Roper Technologies: As mentioned, Roper (ROP), a large-cap conglomerate ($36.5B), is a runner up to Danaher as a top choice from this list. Revenues were $5.2B (71% domestic, 29% international) and net income was $944.4M, for a robust profit margin of 18.2%. Roper is about as diversified of a conglomerate as exists, with the following business segments: Radio Frequency (RF) Technology (42% of sales), Medical and Scientific Imaging (29%), Industrial Technology (17%), and Energy Systems & Controls (12%).
Roper is a dividend aristocrat. With shares currently trading at $352.48, ROP has a PE of 33.9, a forward PE of 27.8, and a dividend yield of 0.5%. Over the past 15 years shares have returned 1,476.9%. Roper holds $4.9B in debt, a sizable amount, but manageable for a company of their size and profitability.
Roper's water products fall under their Industry Technology segment and, to some degree, the RF Technology segment. The Industrial Technology segment produces pumps and meters (as well as materials analysis equipment), while the RF Technology segment offers products in metering and remote monitoring (among other offerings). Roper is a leader in the smart meter market and, like Badger Meter and several other companies on this list, is in good position to benefit from more intelligent water infrastructure. I won't reiterate my reasons for being bullish here as I already touched on these under the Badger Meter section, but needless to say, I think the market has a long runway for growth.
Due to Roper's acquisition-heavy business model, their other market segments are quite unrelated to water. In addition to their metering products, the RF Technology segment sells software, software-as-a-service, card systems/electronic security, toll and traffic systems, and RFID card reading solutions. These are growing, high margin businesses, and in recent years Roper has seemed to target bolt-on acquisitions that fit into this segment. Roper has also favored acquisitions in its Medical and Scientific Imaging arm, which is focused on medical hardware (primarily imaging) that is paired with software. This is also a growing field. Roper's Energy Systems & Controls, which is their smallest segment, is actually the legacy business of Roper. It isn't especially high margin, but it is profitable. The business manufactures control systems, fluid management systems, and instruments used in inspection and measurement at industrial sites. Given the broad range of products offered, I recommend prospective investors visit Roper's website to get a better idea of their businesses.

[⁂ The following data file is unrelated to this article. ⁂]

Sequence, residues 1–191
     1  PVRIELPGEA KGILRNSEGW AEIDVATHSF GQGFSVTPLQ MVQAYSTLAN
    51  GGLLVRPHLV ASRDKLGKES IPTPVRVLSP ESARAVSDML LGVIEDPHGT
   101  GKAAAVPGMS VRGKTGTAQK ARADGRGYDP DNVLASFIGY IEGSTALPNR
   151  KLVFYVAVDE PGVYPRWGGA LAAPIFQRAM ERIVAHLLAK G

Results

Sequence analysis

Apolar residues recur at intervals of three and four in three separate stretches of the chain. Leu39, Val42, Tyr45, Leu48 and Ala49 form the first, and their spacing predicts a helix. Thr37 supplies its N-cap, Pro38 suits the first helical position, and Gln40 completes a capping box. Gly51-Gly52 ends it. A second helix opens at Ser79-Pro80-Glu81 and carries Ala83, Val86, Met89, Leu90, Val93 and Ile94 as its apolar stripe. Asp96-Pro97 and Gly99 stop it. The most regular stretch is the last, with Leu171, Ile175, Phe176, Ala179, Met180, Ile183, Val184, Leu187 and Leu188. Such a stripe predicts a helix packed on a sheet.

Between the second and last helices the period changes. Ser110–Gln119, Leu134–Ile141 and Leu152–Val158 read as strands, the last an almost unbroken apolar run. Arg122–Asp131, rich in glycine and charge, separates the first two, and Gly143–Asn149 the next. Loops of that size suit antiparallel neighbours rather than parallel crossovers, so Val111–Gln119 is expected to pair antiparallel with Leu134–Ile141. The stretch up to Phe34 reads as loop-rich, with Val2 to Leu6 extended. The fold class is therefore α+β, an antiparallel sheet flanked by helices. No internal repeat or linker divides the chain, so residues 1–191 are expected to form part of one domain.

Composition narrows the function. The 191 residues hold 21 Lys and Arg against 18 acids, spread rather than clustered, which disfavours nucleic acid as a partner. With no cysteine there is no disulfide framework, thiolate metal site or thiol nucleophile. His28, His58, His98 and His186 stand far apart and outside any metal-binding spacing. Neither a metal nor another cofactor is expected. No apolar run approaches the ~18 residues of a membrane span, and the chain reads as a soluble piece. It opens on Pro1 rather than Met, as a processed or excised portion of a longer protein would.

Roper is a company that I sadly do not own shares in (a couple buy orders came so close to being triggered!), but that I admire. They, like Danaher, have mastered the art of bolt-on acquisitions. This can be a dangerous game to play, but Roper's track record is admirable, and from an investor's standpoint, I expect them to continue to grow by a combination of acquisitions and organic growth.
Despite my confidence in Roper's ability to grow by acquisition, the risk of overpaying for a company, or failing to properly integrate a company, is inherent to Roper's business model. Additionally, I have heard (but not experienced first-hand) that Roper can be overzealous when it comes to cutting costs, at times jeopardizing the quality (or at least perceived quality) of the products made by Roper's subsidiaries. I hesitate to put this in my analysis because I do not have first-hand experience with this, but it is worth considering from an investment standpoint-even the most well-intentioned cost cuts can come at a, well, cost.
Nevertheless, I think Roper is a very well-run company and an even better one to invest in. It remains extremely high on my watch list, and I hope to initiate a position sooner rather than later-but at its current valuation, I remain on the sidelines.